From The Accurate Rifle, September 2001
BY ROBERT G. WIELAND

    I’ve known the Editor to become a bit peevish about the tendency of serious shooters to become victims of Advanced Tunnel Vision… which is to say the benchrest shooters only read benchrest-oriented articles, ditto for highpower shooters, ditto for the tactical camp, etc., etc. The good Editor has been known to discuss such intellectual insularity on occasion in sulfurous terms; frequently in the middle of such a diatribe the southern end of a northbound horse is used as a point of reference. Be that as it may, the article you are reading (and hopefully will continue reading) has a very generic title, as you might have noticed. As I understand the strategy here… "Maybe some of them will read the entire article before they realize it’s not about their sole shooting area-of-interest. Maybe some of them will learn something useful generally, if they’re not careful". His choice of words, not mine… I certainly wouldn’t talk to you that way. Now, stay with me for a couple of paragraphs at least, would you? If I haven’t got your interest by then, well, go wander away, and play in traffic if you like.
    In very recent times veteran police marksman T.J. Pilling turned to master gunsmith Frank Smith (who has long owned Lone Star Guns in the northern Dallas suburb of Plano) to build him a downright serious state-of-the-art custom bolt action rifle in .308 chambering. At the 2000 HHS International School in Wichita Falls, Texas the rifle punched the tightest group among 24 students in T.J.’s class. "We shot at 900 yards, prone, in a 40 mph wind," T.J. said. "It was an excellent school, but conditions were horrendous." The equipment of the students ran the gamut of custom benchrest rifles from just about every top maker, T.J. said. The students fired 160 shots over three days. And the Frank Smith-built rifle consistently shot the tightest. "It’s a tack driver," T.J. related. "It consistently shoots sub-half MOA in field conditions. And we didn’t have the luxury of shooting off of benches."
    When planning of the rifle started, T.J. specified certain things that he felt were "must-haves"… A Remington 700 ADL action. Remington trigger with a 2.5 pound pull. Douglas Contour No. 7 air gauged premium barrel, 4140 Chrome moly, 24 inches, 1 in 10" twist. McMillan A2 fiberglass tactical stock. Free-floating barrel with action epoxy-bedded at front and rear. Leupold L.E. M1 Vari-XIII 3.5-10x 40mm Side-focus scope on Leupold mounts.
    When we were getting the specs for that rifle, the thought struck us that the gun would be roughly as rugged as your average Abrahms tank… and we concluded, "Yup, that’s what we want all right."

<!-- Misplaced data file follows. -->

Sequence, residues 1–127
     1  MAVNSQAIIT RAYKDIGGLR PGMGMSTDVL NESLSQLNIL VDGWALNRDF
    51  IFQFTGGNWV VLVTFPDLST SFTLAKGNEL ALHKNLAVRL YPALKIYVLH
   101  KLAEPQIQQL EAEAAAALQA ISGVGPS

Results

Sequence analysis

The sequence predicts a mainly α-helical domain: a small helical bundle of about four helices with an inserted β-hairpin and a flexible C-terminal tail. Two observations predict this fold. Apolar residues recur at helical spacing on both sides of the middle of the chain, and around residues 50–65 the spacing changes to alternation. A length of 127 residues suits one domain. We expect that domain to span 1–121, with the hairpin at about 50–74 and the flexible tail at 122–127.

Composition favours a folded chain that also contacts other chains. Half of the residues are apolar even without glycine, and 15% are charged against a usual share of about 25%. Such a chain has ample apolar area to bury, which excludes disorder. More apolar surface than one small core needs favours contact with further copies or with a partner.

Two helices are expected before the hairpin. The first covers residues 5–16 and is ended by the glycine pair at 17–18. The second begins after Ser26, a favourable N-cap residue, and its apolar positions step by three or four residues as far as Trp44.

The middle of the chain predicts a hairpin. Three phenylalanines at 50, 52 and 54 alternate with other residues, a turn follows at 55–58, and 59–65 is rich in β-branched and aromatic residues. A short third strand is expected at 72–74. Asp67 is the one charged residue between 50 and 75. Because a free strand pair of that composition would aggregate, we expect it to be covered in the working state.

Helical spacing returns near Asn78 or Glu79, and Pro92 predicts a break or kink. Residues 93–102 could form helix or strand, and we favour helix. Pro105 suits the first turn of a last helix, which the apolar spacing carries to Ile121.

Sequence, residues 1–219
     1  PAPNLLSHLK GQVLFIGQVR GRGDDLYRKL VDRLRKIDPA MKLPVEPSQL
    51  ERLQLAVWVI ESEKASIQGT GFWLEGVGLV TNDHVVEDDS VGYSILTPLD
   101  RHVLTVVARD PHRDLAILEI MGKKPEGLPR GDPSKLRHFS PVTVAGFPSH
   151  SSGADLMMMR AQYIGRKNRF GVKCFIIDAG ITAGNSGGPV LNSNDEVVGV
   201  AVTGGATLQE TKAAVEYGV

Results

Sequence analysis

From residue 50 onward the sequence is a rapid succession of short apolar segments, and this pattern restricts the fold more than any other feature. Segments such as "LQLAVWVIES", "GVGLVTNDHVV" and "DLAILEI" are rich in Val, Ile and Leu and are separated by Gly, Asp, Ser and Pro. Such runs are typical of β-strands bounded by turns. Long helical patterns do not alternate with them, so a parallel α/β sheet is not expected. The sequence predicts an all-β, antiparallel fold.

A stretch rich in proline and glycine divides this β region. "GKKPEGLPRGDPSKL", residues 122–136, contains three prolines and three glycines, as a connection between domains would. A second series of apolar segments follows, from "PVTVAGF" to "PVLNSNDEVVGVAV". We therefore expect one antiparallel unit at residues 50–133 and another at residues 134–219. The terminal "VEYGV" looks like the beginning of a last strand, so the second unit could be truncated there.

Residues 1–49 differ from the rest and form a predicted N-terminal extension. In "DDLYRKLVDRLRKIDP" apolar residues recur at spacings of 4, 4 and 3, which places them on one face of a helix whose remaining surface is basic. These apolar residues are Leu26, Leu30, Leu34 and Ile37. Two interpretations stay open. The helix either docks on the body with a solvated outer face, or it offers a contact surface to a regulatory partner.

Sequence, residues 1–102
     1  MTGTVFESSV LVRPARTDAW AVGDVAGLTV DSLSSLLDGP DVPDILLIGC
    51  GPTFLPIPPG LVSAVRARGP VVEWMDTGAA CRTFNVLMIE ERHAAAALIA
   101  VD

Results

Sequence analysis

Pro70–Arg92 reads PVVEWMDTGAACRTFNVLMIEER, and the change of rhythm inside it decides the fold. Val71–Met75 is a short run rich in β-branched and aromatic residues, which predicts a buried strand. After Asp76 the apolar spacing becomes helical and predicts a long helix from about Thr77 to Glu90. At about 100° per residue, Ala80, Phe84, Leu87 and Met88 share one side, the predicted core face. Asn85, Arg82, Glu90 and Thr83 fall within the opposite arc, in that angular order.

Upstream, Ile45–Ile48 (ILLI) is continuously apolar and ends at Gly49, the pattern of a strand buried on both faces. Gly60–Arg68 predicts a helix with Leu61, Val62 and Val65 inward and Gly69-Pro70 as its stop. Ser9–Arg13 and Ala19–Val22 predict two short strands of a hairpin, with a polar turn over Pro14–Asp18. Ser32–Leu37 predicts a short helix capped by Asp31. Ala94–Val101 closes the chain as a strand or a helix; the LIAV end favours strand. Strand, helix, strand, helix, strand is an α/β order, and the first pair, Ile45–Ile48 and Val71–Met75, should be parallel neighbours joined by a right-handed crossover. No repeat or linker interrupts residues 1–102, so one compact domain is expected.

Then, when they built the rifle initially, they built it with a Douglas Medium Sporter barrel, not the Douglas No. 7 contour originally planned. Why, you ask? Well, we’re dealing with serious rifle cranks here, and serious rifle cranks are often in the process of proving (or disproving) a theory. The new rifle shot phenomenally well in real field conditions (as opposed to benchrest). It was consistently shooting 3/8 inch groups… but once that medium weight sporter barrel picked up any heat, it started to throw rounds. Now a case can be made for the idea that this is not a matter of concern to a SWAT sniper… since they virtually never get into extended fire-fights of the kind that has empty cartridge cases covering the floor. That argument was summarily rejected; "should be good enough" was not acceptable as an answer.
    The solution was the No. 7 contoured barrel, which Smith and Lone Star gunsmith Clyde Funk laboriously lapped, crowned and bedded. "It’s state-of-the-art," T.J. said.
     The Douglas barrel was free-floated in the McMillan stock, Clyde explained. "All you really want to do is to clear area so you have 100% contact on the back of the recoil lug, leaving the sides, the bottom and the front clear; you want to have 100% contact on the front of the action and with a No. 7 countour, you would be 3 inches in front of the guard screw."
    On the rear of the action, from the rear guard screw, there would also be 100% contact, Clyde said. "The only reason at all why you would want to have contact anywhere between those two areas is just to keep crud out of the gun."